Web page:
A closer look a Obama’s second State of the Union

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President Obama’s second State of the Union address, delivered in the early hours of yesterday morning, has been widely praised as the President’s most centrist speech yet. It was delivered to congressmen also partaking in the bi-partisan spirit, with some sitting with ‘dates’ from the opposite party. Obama himself made a clear declaration of bi-partisan intent from the podium saying “what counts is not whether we can sit together tonight, but whether we can work together tomorrow.” The entire audience, wearing ribbons to commemorate the shooting in Tuscon, got to it’s feet.

The President started  his speech  by congratulating the new speaker, Republican John Boehner, before noting Gabrielle Giffords empty chair. He chose not to speak about gun control though, a wise decision, as such move could have been dismissed as playing politics with a tragedy. A less understandable omission to the speech though was climate change, despite an extensive section on renewable energy.

The address was built around the theme of ‘winning the future’, and Obama developed this around two primary strands – investment and inspiration. He may have praised the tax cuts that Congress passed, but he is clearly not going to shy away from spending money on big ticket projects in the future, declaring this generation needed their ‘Sputnick moment’.

Taking on the elephant in the room, Obama joked that the crowd had had disagreements about his highly contentious healthcare bill. He defended his policy, but showed a willingness to work to solve some of the problems that have developed. There was no contrition though, as he asked the 112th Congress to not ‘fight the battles of the last two years again, let’s fix what needs fixing, and move forward’.

This was an approach typical of the whole speech. Having irritated the Republicans by talking about healthcare, he spoke about deficit reduction in the next section. After declaring his pride at the repeal of ‘Don’t Ask, Don’t Tell’, he stated that Universities should allow Army recruiters onto their campuses.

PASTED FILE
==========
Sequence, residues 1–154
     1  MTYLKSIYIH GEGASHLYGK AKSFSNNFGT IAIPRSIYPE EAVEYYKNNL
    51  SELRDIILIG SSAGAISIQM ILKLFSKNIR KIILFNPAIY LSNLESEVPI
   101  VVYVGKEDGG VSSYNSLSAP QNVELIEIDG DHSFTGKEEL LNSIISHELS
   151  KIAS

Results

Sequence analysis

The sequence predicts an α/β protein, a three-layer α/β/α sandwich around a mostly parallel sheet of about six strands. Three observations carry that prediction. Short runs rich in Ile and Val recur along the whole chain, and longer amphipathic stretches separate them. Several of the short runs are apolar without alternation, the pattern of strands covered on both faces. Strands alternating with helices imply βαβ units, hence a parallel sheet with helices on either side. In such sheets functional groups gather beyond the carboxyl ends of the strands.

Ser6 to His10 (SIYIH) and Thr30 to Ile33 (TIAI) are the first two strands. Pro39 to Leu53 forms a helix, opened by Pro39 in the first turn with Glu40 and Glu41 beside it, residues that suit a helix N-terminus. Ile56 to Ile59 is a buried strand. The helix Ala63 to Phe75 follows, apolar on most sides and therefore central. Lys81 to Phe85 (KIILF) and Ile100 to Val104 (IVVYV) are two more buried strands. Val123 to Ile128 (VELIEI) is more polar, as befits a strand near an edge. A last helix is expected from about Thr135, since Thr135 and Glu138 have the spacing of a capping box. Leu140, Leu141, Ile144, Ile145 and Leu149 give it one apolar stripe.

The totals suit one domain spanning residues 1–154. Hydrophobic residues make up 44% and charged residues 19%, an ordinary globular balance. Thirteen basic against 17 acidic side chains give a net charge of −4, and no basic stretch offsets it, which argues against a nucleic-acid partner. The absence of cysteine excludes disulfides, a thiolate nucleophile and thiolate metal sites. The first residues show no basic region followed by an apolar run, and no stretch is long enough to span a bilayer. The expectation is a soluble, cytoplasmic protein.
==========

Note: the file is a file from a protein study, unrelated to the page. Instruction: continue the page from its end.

Using the old classic of the American dream to develop his notion of ‘winning the future,’ he used the examples of VP Biden and Speaker Boehner sitting behind him, saying that only in America could people from their humble backgrounds reach such lofty positions. By using the similarly sure-fire crowd pleaser of American Exceptionalism, and citing challenges from China and India, he also induced a bit of a siege mentality amongst the collected politicians – in the next year it will be the US against the world, and all American’s are in it together.

As ever Obama delivered his speech well.  The oratory didn’t quite, in the words of Sam Seaborn, “blow the doors of the place” [it is editorial policy that all US politics articles on VN have a West Wing reference – Ed], but it did cement his position as a progressive, compromising leader. His second State of the Union showed that President Obama has clearly decided to plough straight through the middle of politics over the next two years,  trying to grab as many people fron either side as possible on the way.

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